I wish you had stayed in the guest room. My feet treading my floors heavily, black as obsidian, slick where you lay. I can’t be alongside you, I can’t let it flow from me to you anymore, it burns the night and slays the dawn and I am so lost, so lost in you. There are fingertips making me lose my religions, but you can’t leave me alone. I can’t leave you alone, you said you loved me and I said it too, but what does that mean when we can’t be in the same room?
The guest room, the guest room, it was all my fault – I got naked first. You were in the guest room, right next door. I could feel you through the walls, and it was all my fault. The obsidian is calling to me, you are calling to me. Underneath your teeth, it was like home, breaking me apart like a jeweler looking for a gold mine in their false gods. I keep thinking about you in the worst way, just laid out, your footsteps running down my arms. You never told me what you thought about obsidian, did you? Did you know it was supposed to give you strength, did you know it was supposed to ward off the pressures, the excess of stress – the excess of what was coming from the gods damned bedroom. I wish you left my tongue alone, left me alone naked in the rug of fire, wrapped around the consciousness of a god, entrails leaking from the eyes and sifting through my soul like a dog through the garbage bin. Coyotes don’t know what excess means, but they see a dying breed when they come upon it. I am the dying breed, it was all my fault. My obsidian floor did nothing to save me, it left me alone, it left me alone. What kind of witch is abandoned by her own? It was all my fault, and I stayed in your guest room. You pinned me down, teeth in my hair, ripped my heart into diamond shards, and carried me to bed.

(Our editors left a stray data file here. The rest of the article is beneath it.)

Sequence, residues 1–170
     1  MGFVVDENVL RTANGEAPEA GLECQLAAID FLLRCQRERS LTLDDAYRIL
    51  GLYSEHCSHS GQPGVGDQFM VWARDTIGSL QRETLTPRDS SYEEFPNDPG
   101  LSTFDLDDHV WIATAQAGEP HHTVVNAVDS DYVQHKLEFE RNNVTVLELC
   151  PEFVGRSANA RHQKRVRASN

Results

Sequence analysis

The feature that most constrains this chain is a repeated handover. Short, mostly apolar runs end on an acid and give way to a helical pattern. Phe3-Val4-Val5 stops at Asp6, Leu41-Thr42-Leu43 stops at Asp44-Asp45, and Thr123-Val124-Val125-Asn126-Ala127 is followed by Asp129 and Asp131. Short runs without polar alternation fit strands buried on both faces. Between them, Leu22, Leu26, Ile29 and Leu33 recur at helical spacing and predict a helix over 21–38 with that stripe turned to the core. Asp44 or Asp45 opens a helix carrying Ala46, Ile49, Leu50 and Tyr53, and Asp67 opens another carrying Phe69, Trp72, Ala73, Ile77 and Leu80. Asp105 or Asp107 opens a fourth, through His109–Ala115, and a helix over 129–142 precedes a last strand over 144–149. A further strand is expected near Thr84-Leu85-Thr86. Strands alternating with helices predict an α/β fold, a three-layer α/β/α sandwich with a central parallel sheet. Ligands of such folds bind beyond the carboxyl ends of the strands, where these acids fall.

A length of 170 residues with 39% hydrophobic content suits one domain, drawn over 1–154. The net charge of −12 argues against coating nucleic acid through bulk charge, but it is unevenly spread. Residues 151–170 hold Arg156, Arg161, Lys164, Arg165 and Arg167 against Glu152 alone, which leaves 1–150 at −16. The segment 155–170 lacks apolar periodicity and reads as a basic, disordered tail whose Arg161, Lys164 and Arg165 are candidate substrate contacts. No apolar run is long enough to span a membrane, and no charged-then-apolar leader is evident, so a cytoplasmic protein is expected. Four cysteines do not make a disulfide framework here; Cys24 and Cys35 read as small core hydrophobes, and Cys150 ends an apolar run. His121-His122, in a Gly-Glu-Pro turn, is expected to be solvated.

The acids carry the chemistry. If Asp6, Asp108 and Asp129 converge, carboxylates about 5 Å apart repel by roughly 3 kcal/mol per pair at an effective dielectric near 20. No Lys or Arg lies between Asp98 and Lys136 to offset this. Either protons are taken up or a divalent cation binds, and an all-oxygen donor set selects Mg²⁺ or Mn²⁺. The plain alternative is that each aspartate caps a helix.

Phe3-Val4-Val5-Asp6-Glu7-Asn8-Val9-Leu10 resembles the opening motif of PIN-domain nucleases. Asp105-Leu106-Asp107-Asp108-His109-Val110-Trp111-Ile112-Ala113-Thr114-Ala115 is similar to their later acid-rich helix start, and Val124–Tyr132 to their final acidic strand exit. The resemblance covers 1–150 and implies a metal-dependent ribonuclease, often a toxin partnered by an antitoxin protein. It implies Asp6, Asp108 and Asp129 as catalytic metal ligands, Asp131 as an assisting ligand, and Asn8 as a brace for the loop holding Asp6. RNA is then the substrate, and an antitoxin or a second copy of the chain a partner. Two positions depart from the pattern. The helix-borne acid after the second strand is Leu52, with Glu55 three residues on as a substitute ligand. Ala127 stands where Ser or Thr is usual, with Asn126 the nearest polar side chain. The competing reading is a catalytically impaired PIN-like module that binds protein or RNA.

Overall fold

Don’t let the night stay black, turn me away, don’t look back. Bring the obsidian to my door, leave it on the floor. My feet are black, my heart is black, my arms are cold, I lost myself to you again. And I don’t think I want it back. I don’t think I can take her back. She’s gone, isn’t she?